Book and Mortar
When faculty member William Shullenberger arrived at Uganda’s Makerere University in 1992 to begin a year-long Fulbright professorship, he was asked to teach American literature. Shullenberger’s specialty was the poet John Milton and other English writers; forced to find ways to make the American classics relevant in a society emerging from years of brutal dictatorship, he hit on how American writers had discovered their own voice, and their nation’s, after the end of British colonialism. Thus was born the course “Literary Nation Building.” Last semester Shullenberger taught it at Sarah Lawrence; this time, though, the subject was Africa.
Shullenberger, named in 2003 to the Joseph Campbell Chair in the Humanities, says his course examines the role of African writers as both historians and prophets—keepers of cultural memory who see the past as a possible blueprint for the future in countries struggling to create political and economic identities. It can be risky work, he says.
“In many African nations writing is considered dangerous,” he says, “because it affects how citizens see themselves and their governments. That’s why some of Africa’s greatest writers have chosen exile and seen their works banned in their own countries.
“In America and democratic Europe, a writer can write just about anything he or she wants, without worry of being arrested. This is a sign, on one hand, of societies that tolerate freedom of expression; but it’s also a sign that literature has less social and political power.”
Shullenberger and his wife, Bonnie, an Episcopal priest, liked Uganda so much that they stayed an extra year and later wrote a book, Africa Time: Two Scholars’ Seasons in Uganda. Makerere University, Shullenberger remembers, was a shadow of its former self. The library had been ransacked, the pages from the books used to wrap food and other items for sale in the marketplace. Then-SLC president Alice Ilchman had earlier toured the university and organized a book drive after her return to Bronxville. Fifty car tons were donated; they docked in Tanzania—a country nearly as desperate for books as Uganda—and then they disappeared.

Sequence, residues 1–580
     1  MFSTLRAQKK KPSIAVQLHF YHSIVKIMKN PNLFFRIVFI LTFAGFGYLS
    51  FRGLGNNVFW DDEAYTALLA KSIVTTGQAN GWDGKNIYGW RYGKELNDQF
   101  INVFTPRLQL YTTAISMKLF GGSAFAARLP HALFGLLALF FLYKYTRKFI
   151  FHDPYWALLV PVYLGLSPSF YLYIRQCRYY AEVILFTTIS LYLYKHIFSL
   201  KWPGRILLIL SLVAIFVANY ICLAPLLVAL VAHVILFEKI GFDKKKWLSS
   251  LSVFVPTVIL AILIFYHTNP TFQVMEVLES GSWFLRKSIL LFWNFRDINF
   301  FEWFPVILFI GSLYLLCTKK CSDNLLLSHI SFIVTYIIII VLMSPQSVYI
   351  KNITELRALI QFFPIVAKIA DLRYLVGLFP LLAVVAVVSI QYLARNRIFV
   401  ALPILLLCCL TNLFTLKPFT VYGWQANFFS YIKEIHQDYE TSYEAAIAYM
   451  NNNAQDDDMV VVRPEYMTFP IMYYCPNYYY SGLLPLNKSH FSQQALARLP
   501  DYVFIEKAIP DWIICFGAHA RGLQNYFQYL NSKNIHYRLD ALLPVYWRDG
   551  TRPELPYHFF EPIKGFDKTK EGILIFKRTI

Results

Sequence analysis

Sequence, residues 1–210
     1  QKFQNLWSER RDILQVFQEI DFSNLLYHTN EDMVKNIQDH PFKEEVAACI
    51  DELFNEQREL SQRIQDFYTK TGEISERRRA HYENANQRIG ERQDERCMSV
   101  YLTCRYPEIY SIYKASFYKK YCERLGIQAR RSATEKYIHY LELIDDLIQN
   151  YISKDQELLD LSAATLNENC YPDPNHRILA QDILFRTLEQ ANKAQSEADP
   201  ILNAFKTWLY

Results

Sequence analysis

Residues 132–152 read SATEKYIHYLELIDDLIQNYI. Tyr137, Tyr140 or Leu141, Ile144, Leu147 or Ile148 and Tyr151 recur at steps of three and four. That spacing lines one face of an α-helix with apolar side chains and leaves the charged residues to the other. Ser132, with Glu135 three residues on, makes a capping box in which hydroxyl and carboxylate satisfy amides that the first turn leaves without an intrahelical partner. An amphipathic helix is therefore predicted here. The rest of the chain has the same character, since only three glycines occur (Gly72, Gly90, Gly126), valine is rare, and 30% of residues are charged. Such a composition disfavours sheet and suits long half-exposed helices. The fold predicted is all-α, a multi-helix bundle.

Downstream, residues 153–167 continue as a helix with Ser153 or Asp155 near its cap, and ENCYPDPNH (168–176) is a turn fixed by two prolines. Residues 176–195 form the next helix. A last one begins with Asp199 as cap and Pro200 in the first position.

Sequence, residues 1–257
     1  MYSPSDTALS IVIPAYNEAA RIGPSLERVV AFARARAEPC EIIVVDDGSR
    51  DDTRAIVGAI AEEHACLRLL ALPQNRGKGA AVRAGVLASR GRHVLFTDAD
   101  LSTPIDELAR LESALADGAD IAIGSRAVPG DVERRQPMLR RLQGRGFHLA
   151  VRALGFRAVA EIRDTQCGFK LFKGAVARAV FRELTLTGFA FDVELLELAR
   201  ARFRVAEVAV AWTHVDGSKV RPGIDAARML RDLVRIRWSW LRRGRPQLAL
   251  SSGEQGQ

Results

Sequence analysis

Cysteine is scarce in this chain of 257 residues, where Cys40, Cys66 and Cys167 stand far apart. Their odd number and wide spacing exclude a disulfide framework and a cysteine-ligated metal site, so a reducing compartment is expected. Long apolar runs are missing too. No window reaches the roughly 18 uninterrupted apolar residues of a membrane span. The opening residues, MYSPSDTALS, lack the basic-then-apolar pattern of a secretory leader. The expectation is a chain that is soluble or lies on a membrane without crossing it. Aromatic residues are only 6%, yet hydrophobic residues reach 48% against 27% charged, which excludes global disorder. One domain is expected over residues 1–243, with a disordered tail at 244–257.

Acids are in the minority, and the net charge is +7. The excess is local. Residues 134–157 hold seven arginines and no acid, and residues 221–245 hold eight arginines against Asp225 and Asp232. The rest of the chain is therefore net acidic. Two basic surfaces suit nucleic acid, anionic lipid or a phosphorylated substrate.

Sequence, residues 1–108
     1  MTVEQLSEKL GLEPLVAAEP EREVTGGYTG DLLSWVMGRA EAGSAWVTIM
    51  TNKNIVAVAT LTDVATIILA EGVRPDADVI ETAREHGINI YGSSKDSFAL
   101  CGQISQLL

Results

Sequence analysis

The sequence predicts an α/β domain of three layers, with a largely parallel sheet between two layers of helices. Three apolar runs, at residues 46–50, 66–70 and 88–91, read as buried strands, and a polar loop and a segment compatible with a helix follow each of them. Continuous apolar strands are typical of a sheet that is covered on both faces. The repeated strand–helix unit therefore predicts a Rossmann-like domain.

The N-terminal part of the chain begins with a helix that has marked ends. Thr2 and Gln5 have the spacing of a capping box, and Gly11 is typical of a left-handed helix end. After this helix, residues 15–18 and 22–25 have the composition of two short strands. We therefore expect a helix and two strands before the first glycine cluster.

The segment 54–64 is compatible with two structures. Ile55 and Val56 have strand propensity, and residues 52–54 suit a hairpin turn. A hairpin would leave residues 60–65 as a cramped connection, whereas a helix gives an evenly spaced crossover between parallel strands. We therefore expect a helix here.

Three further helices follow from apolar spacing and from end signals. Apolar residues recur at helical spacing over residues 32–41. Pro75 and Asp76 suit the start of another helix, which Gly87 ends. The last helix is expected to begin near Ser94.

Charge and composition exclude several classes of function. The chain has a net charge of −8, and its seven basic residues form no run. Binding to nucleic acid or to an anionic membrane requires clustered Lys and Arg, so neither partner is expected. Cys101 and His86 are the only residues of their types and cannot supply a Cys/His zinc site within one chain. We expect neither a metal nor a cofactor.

Shullenberger hopes “Literary Nation Building”—which included works from Nigeria, Congo, Uganda, Senegal and Zimbabwe, among others— will motivate students to discover Africa for themselves. “I want them to see that there’s more to Africa than appears in newspapers,” he says. “You can only know it if you’ve been on the ground there, walked the streets, bartered in the markets, enjoyed a goat roast, experienced the tenderness, toughness, hopefulness and generosity of the people. Once you’ve been there you can never get it out of your blood or your memory.”
“These are complex, rich and dynamic cultures—they’re not all disaster stories. They have produced a number of extraordinary writers who are re-making literature, doing things in French and English that are very exciting.”
It turns out that John Milton is not as unrelated to the African experience as one might suppose. “The character of Satan in Paradise Lost provides insight into ways that totalitarianism masks itself as liberation and democracy,” says Shullenberger, noting that some leaders in Africa and elsewhere have pretended to be populists as a means of consolidating power.
“Milton offers a powerful imaginative impetus for modern liberation movements, and a powerful critique of the ways they can be exploited. He also provides a great example of how the English language itself—a former and always a potential instrument of domination—can be, in the hands of the conscientious and the creative, a force for imaginative and political freedom.”